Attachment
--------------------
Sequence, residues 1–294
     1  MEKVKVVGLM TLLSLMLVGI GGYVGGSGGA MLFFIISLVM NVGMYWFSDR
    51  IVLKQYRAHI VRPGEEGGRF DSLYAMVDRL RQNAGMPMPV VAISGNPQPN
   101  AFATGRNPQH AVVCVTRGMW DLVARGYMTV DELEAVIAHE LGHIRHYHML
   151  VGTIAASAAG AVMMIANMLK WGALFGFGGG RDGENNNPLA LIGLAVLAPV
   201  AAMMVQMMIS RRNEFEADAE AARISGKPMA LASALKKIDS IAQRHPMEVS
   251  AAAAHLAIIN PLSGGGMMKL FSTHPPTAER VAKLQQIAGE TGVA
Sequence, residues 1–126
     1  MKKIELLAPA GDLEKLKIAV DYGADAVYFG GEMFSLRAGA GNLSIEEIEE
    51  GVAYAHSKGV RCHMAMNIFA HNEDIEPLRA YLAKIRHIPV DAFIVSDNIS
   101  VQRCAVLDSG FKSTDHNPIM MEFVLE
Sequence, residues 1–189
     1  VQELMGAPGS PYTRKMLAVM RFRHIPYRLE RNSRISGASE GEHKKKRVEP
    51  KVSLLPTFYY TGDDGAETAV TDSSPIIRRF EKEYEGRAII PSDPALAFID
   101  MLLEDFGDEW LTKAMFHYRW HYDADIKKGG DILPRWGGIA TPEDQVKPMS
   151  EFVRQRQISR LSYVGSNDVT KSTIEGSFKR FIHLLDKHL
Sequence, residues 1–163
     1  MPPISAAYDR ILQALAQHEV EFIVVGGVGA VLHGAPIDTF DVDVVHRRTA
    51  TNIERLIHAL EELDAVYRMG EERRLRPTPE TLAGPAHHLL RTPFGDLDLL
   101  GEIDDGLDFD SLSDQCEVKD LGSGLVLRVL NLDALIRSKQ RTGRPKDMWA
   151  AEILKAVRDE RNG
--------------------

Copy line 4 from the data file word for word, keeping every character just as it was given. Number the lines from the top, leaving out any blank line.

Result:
   101  AFATGRNPQH AVVCVTRGMW DLVARGYMTV DELEAVIAHE LGHIRHYHML